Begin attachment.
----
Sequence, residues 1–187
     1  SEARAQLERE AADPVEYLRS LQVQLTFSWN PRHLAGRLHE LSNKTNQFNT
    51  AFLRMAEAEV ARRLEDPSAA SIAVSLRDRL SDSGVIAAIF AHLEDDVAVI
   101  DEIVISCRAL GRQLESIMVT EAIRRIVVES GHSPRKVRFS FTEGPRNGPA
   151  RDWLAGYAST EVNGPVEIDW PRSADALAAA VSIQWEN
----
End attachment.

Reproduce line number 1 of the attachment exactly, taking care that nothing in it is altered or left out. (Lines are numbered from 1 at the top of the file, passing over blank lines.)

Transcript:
Sequence, residues 1–187